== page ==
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It’s no secret that we’re living longer, and sometimes, our joints don’t hold up as well as we’d like. Fortunately, advances in orthopaedic medicine are helping older adults stay active—and without hip pain. Geoff Glidden, MD, an orthopaedic surgeon on the medical staff at Baylor Regional Medical Center at Plano, answers a few questions about hip replacement surgery.
Q: What are some of the newer advances in hip replacement?
A: A partial hip replacement is now a possibility for some patients, Dr. Glidden says. This joint resurfacing procedure involves putting a cap on the joint instead of replacing it completely. In addition, different materials are being used in prosthetic joints. Metal joints are proving to be more and more popular, because of their longevity and the body’s ability to accept the joint. In fact, surgeons typically don’t use bone cement anymore, because the body can grow around the new joint and hold it in place naturally.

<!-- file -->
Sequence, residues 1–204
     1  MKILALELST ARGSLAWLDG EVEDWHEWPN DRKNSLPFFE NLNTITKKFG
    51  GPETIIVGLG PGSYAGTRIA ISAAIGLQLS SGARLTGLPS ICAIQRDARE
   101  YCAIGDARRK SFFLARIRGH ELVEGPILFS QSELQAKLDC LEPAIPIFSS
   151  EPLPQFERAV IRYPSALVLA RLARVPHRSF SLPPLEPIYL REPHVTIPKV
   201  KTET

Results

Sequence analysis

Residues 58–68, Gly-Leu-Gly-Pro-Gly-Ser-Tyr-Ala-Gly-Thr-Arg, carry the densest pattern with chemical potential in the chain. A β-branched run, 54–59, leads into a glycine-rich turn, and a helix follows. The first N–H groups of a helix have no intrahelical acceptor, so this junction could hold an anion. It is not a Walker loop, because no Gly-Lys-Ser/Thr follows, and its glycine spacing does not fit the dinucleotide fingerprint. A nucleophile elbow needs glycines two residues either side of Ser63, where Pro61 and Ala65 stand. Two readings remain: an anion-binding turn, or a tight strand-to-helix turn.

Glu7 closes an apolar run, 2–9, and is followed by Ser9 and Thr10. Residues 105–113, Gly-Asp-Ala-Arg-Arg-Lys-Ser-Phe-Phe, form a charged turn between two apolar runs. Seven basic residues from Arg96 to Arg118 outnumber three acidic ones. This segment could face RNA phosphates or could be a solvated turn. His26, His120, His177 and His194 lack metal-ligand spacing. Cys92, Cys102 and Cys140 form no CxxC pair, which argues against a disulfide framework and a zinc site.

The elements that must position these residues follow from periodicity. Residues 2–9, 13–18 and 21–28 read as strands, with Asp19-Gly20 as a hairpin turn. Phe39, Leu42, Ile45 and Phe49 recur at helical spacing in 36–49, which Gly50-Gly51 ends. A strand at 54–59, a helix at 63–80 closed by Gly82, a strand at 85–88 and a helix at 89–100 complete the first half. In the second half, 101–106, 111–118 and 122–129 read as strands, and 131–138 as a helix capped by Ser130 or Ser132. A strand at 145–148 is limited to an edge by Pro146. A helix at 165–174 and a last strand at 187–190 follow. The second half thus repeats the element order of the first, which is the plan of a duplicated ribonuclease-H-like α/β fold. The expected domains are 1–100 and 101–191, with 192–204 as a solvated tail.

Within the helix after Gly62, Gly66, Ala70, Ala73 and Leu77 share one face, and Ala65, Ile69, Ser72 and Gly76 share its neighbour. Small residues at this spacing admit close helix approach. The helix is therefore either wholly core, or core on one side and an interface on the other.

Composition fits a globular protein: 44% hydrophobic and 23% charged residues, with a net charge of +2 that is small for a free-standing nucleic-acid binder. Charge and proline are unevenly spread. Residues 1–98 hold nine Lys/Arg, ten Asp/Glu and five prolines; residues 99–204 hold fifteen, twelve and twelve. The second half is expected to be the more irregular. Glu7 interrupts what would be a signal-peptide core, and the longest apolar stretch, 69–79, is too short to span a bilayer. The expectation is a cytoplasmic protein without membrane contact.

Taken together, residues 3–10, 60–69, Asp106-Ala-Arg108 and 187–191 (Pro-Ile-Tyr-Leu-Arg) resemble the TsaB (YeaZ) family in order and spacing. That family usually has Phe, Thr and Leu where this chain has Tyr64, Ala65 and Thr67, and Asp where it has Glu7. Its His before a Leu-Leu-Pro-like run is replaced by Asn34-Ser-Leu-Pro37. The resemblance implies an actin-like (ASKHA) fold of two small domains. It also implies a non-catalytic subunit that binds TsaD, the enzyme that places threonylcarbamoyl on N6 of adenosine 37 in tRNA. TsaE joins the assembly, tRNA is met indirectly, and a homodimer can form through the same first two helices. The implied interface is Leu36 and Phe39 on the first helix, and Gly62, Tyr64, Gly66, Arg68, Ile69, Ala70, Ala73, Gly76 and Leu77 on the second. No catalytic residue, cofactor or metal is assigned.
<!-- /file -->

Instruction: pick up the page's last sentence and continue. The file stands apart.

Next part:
Q: What happens after surgery?
A: Patients are typically in the hospital for two to three days after surgery, and some movements are prohibited for several weeks. Patients should expect to be walking and working with a physical therapist for the first two to three weeks. Most patients are on a walker for about four weeks, Dr. Glidden says, and then using a cane for another few weeks. “The physical therapy isn’t complicated,” he says, “but it’s necessary.”
Q: How do you know it’s time for surgery?
A: “If you’re in pain and have lost the swivel in your hip—for example, if you sit down and can’t rotate your hip to tie your shoe—hip replacement surgery might be the answer,” Dr. Glidden says. “If your hip pain is interfering with daily activities, it’s time to see a doctor. But what’s neat about the hip is that it feels like a normal hip when you fully recover from hip replacement surgery.”
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